Jack Leslie – the first Black player ever to be called up by England – was posthumously inducted into the National Football Museum's Hall of Fame at London Stadium ahead of West Ham United's No Room for Racism Premier League fixture against Chelsea on Saturday.
Born in Canning Town in 1901 to a Jamaican father and English mother, Leslie started his career playing for non-league Barking Town, scoring over 250 goals and winning the London League title, before going on to become a goalscoring great and captain during 14 seasons at Plymouth Argyle between 1921-35.
It was during his time at Home Park, in 1925, that the inside-left received a callup for England’s Home Nations Championship international with Ireland, only for the invitation to be a reserve to be mysteriously withdrawn, with speculation that it was because of the colour of his skin. He was Black.
Despite the huge disappointment, Leslie continued to play superbly for Plymouth for another decade, scoring 137 goals in 401 games, but he was never selected by England again.
A serious eye injury forced him to retire as a professional in 1935 and, after returning to east London and his original trade as a boilermaker in the East India Docks, he worked in the Hammers’ boot room in the 1960s and 1970s after being approached by manager Ron Greenwood. He worked with the likes of Bobby Moore, Sir Geoff Hurst, Martin Peters, Sir Trevor Brooking and Billy Bonds before retiring at the age of 82. He died in 1988, aged 87.
With his story little known, The Jack Leslie Campaign was founded in 2020 by Plymouth fans Matt Tiller and Greg Foxsmith to celebrate, shine a light, and serve justice to his career and legacy. The pair contacted Leslie’s three granddaughters, Plymouth Argyle, Barking FC and West Ham United and, with the club’s support, Leslie has been eternalised in a bronze statue at Argyle’s Home Park stadium, and the FA awarded Jack a posthumous honorary England cap, 97 years after his original call-up.
On Saturday, just a few miles from his former home in Gerard Road, Canning Town, Leslie was inducted into the National Football Museum's Hall of Fame in a pitch side ceremony at London Stadium. There, National Football Museum CEO Tim Desmond presented the award to Jack’s three granddaughters, alongside West Ham legends Sir Trevor Brooking and Carlton Cole and the team behind The Jack Leslie Campaign.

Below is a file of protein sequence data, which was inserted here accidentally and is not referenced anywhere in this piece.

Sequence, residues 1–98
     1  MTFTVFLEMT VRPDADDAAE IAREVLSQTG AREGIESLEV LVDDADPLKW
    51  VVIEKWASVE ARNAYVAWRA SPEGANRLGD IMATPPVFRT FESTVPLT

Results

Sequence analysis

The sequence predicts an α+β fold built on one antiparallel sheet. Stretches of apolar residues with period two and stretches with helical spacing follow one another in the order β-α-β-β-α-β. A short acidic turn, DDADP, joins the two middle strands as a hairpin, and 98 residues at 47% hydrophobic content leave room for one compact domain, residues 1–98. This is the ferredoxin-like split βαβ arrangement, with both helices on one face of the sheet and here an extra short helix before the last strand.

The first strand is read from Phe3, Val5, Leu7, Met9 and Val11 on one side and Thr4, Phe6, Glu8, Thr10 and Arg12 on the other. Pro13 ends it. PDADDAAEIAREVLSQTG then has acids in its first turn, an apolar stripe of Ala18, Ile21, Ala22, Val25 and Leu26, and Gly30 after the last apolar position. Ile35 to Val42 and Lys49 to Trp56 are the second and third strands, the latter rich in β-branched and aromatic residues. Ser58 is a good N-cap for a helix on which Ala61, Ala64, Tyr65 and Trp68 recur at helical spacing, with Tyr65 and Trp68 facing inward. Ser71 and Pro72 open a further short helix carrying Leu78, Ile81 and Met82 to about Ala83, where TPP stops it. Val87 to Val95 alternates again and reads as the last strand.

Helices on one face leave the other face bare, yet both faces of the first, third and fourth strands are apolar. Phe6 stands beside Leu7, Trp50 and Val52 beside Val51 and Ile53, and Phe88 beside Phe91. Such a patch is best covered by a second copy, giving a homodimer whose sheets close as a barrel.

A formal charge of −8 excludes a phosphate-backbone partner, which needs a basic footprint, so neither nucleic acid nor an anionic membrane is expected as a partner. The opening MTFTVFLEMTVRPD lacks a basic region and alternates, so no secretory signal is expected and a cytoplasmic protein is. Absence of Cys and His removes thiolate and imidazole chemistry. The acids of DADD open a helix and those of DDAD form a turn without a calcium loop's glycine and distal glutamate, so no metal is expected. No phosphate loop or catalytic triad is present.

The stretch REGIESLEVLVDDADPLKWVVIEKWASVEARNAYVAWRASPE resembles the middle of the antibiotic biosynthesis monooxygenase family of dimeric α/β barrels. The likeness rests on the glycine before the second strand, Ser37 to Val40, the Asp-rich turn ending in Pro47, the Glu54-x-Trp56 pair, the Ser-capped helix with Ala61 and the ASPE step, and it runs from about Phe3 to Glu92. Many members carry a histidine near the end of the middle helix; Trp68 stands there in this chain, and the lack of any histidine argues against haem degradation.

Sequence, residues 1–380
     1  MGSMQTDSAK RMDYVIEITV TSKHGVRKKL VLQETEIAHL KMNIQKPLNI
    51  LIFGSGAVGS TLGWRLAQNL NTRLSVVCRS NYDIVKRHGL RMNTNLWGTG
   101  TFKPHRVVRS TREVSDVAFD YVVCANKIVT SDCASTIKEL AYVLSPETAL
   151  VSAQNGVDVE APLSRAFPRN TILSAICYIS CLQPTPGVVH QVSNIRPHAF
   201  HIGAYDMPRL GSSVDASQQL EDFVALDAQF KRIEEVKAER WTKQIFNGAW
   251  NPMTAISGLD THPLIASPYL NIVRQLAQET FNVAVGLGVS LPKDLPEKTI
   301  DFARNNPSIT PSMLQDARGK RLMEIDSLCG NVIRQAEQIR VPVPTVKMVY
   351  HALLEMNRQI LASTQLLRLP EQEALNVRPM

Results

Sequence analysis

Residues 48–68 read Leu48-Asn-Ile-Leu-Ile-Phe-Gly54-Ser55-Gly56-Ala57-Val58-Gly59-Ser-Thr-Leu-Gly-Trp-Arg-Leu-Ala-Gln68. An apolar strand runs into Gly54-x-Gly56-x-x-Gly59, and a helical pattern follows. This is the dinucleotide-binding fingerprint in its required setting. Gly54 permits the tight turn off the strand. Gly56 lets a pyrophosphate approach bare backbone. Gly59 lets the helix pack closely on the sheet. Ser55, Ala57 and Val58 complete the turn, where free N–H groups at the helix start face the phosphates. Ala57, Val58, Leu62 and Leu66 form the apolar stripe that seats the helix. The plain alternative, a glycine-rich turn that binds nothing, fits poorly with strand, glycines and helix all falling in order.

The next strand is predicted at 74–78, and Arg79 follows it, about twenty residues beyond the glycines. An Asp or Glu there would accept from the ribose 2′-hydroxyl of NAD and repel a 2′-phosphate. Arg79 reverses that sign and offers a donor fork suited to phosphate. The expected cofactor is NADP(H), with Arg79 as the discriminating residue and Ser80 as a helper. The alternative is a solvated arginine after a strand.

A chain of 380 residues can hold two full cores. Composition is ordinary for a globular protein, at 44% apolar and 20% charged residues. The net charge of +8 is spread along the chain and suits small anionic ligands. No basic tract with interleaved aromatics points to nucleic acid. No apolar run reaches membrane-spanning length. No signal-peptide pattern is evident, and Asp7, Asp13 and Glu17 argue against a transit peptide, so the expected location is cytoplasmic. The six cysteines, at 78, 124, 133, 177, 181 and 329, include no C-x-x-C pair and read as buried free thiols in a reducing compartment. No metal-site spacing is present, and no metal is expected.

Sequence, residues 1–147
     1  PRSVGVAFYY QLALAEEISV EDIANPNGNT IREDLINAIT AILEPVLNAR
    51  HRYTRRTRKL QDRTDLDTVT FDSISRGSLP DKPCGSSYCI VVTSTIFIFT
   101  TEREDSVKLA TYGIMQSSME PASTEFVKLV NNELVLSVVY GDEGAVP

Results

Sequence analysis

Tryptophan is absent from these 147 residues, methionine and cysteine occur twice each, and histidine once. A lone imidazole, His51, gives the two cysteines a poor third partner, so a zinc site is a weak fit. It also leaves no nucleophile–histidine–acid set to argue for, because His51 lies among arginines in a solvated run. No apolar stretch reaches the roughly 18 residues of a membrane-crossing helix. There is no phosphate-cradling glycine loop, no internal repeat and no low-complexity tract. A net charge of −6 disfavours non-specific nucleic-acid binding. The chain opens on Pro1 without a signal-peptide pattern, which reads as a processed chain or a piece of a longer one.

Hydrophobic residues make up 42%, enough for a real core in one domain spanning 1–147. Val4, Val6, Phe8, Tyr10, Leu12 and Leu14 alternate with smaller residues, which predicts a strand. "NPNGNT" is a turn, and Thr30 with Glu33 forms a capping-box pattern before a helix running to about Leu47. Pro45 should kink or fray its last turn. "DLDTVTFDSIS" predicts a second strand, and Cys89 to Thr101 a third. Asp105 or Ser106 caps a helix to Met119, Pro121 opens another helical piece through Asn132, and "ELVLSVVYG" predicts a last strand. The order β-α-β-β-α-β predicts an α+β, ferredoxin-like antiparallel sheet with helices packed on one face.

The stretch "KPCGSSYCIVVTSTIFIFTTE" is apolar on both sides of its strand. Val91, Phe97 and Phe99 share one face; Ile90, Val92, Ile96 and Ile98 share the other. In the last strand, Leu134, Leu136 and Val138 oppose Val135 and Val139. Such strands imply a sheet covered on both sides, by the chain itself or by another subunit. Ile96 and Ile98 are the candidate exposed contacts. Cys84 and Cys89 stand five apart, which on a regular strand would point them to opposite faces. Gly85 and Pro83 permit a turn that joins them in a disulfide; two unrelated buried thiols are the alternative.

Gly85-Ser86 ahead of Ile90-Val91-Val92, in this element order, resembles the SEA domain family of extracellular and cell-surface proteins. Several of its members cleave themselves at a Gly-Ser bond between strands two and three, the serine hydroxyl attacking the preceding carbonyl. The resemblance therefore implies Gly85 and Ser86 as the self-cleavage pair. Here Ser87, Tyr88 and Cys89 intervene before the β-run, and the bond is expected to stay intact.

Sir Trevor Brooking said: “Jack was a lovely guy who would do anything for you, and I am delighted to see him honoured with this special induction into the National Football Museum Hall of Fame.
“Jack’s story serves as an important reminder of the discrimination that Black players have suffered in years gone by, and it shows how they paved the way for those who followed them to be treated equally and become heroes, judged on their ability and skill rather than the colour of their skin.
“West Ham United is a Club that is proud of our diverse and inclusive background, something that stretches back for so many years, and Jack will forever be remembered as a key figure in our history.
“It is very poignant for Jack to receive this honour ahead of a designated Premier League No Room for Racism match as it reinforces a vital message.
“I know that he would be so proud to receive this special honour at the London Stadium, and it is wonderful to have his family and members of The Jack Leslie Campaign to accept this on his behalf.”
Matt Tiller from The Jack Leslie Campaign said: “We are delighted that fans from across the football community have responded positively to Jack’s story, and none more so than fans of Argyle where Jack played professionally and West Ham where Jack was welcomed and still remembered fondly by legends such as Clyde Best and Sir Trevor Brooking. His induction into the NFHM Hall of Fame is a great honour, welcomed by the Campaign and Jack’s family”
West Ham United, who are proud to recognise Leslie as an important part of the Club’s history, have also commissioned a bronze maquette of the statue created by sculptor Andy Edwards.
The National Football Museum Hall of Fame aims to celebrate and highlight the achievements of those who have made an outstanding contribution to football. Judges voted unanimously to induct Leslie in recognition of his stellar career and important story, laying foundations for the ethnically diverse sporting community of the future.
Tim Desmond, Chief Executive of the National Football Museum, said: “In 2019 we relaunched the National Football Museum Hall of Fame to be more representative of stories that are part of the holistic importance and significance of football, rather than just excellence in the sport. Since then, the museum researched stories such as Jack’s and many other players that acted as true trailblazers. We are delighted now to induct Jack into the Hall of Fame; he was truly a forerunner and now takes his rightful place amongst the greats of the game.”
Leslie joins a host of former Hammers in the Hall of Fame, including England’s first Black men’s senior captain Paul Ince, FIFA World Cup winners Moore, Hurst, Peters, two-time FA Cup-winning captain Bonds, and ex-Hammers Malcolm Allison, Liam Brady, Justin Fashanu, Rio Ferdinand, Jimmy Greaves, Frank Lampard Junior, Stuart Pearce, Teddy Sheringham and Ian Wright.
The Hall of Fame, supported by the Professional Footballers’ Association, celebrates the achievements of those who have made an outstanding contribution to the game, either on or off the pitch.
For more information, visit nationalfootballmuseum.com